Posted by: realifemermaid | January 23, 2012

Manatee Certification

West Florida is well known for the big, gentle manatees that huddle into the warm waters during the winter time.  January and February is peak season for manatee tourists to come and swim and snorkle with manatees.  Crystal River, where I got certified at the American Pro Dive Center (americanprodive.com) hosts the only place where they have a PADI accedited specialty dive course for safe manatee interaction and snorkel tours for tourists to get up close and personal to manatees. 

Florida law states that it is illegal to harass, surround chase, or ride a manatee, punishable with up to $100,000 fine or up to a year in jail.  It is illegal to go up to a manatee to touch it. 

So.  I think that there is a bit of a grey area with the manatee snorkel and dive course.  No one came up to the manatees.  We “passively observed” and allowed to manatees to come up to us.  Tons of manatees stayed in the sanctuary, where humans were not allowed to enter.  Humans did a good job not entering, as was enforced by a National Parks ranger.  It was pretty cool and unique that manatees and humans could coexist here. 

 I like to think of it as akin to zoos; the more people learn about manatees and got this special experience, the less likely people are goign to tear through a manatee zone on their pontoon or speedboats, and they more likely they are to advocate for their survival.  Services like the ones at Crystal River are working, too:  more and more manatees are surviving every year.  The cost is that their behavior is changing due to human interaction.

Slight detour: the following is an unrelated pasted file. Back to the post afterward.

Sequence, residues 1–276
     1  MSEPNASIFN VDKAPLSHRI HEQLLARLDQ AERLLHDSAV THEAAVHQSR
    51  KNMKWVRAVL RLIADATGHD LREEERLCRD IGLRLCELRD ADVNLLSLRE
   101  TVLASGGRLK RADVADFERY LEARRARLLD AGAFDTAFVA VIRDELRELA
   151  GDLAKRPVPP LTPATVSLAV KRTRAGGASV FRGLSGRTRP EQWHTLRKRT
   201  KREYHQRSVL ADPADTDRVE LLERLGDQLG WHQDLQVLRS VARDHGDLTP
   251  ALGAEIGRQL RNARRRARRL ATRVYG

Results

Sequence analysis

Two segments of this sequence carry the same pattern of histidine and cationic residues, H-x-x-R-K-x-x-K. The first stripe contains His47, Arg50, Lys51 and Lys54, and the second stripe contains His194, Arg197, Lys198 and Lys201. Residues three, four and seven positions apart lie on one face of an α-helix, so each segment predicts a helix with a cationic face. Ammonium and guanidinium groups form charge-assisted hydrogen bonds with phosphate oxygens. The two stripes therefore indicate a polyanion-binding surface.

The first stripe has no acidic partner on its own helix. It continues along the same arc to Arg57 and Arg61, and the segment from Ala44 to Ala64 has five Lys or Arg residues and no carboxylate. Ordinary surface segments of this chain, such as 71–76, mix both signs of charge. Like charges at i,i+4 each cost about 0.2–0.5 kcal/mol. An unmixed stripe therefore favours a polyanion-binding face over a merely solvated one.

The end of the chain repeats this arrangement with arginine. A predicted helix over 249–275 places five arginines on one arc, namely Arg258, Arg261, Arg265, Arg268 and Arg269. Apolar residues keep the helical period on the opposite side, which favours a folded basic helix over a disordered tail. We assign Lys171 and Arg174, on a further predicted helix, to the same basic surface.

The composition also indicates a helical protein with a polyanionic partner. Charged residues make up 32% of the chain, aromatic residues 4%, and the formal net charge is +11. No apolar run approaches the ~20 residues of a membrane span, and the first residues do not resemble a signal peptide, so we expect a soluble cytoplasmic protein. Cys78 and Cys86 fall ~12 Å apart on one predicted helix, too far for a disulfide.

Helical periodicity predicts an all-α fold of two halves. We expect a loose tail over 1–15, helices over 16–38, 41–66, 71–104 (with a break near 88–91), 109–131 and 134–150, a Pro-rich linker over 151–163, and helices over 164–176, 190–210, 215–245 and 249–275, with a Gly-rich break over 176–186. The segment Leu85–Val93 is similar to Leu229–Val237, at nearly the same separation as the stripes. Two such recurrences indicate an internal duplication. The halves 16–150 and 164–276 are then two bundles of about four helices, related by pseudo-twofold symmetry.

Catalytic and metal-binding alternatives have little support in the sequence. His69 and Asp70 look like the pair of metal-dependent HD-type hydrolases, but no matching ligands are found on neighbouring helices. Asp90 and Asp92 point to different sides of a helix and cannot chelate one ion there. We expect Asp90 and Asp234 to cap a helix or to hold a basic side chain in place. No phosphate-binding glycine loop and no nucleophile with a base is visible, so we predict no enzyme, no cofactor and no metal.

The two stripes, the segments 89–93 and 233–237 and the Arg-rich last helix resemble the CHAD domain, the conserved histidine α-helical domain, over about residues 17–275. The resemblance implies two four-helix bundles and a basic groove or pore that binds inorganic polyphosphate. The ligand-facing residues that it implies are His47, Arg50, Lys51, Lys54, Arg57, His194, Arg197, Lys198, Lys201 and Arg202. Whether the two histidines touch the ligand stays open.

Places like The Floirda Museum in Sarasota is home to Snooty, the oldest manatee in captivity.  People can also learn about manatees by visiting Snooty.  Snooty loves to be pet, and petting Snooty does not alter his behavior or the behavior of those around him. 

The education I received at Crystal River was excellent, but the irony I learned in it all was that YOU SHOULD NOT SNORKEL OR DIVE WITH MANATEES.  I think it is very ironic that I have a certification now that says manatee diver, and I learned that snorkleing with manatees is precarious in only the right conditions, and diving with them?  Absolutely hands off.  Learning about their anatomy, migration patterns, and diet after the snorkel and dive was great also; as a teacher, I love the chance to relax and be the student and learn new information!

Side note….I did get to dive on this trip in the same location as the manatees.  This was my first dive when I went all alone with a group, as my boyfriend/dive partner was getting over being sick.  It was a confidence booster to know I could handle all my equipment without his help or an instructors help, and fun to meet new people.  We went down in a cavern to 50 feet. 

I have pictures from this trip, but they are on an underwater disposable camera that will be developed probably after next weekend…a dive/camp/surf trip in Vero.  Stay tuned!

 

 

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Responses

  1. Sounds like an awesome adventure.

    • It was! That is what has been so awesome about scuba diving…you end up discovering what you are not necessarily seeking out to find.

      Thanks for reading and for the comment. 🙂

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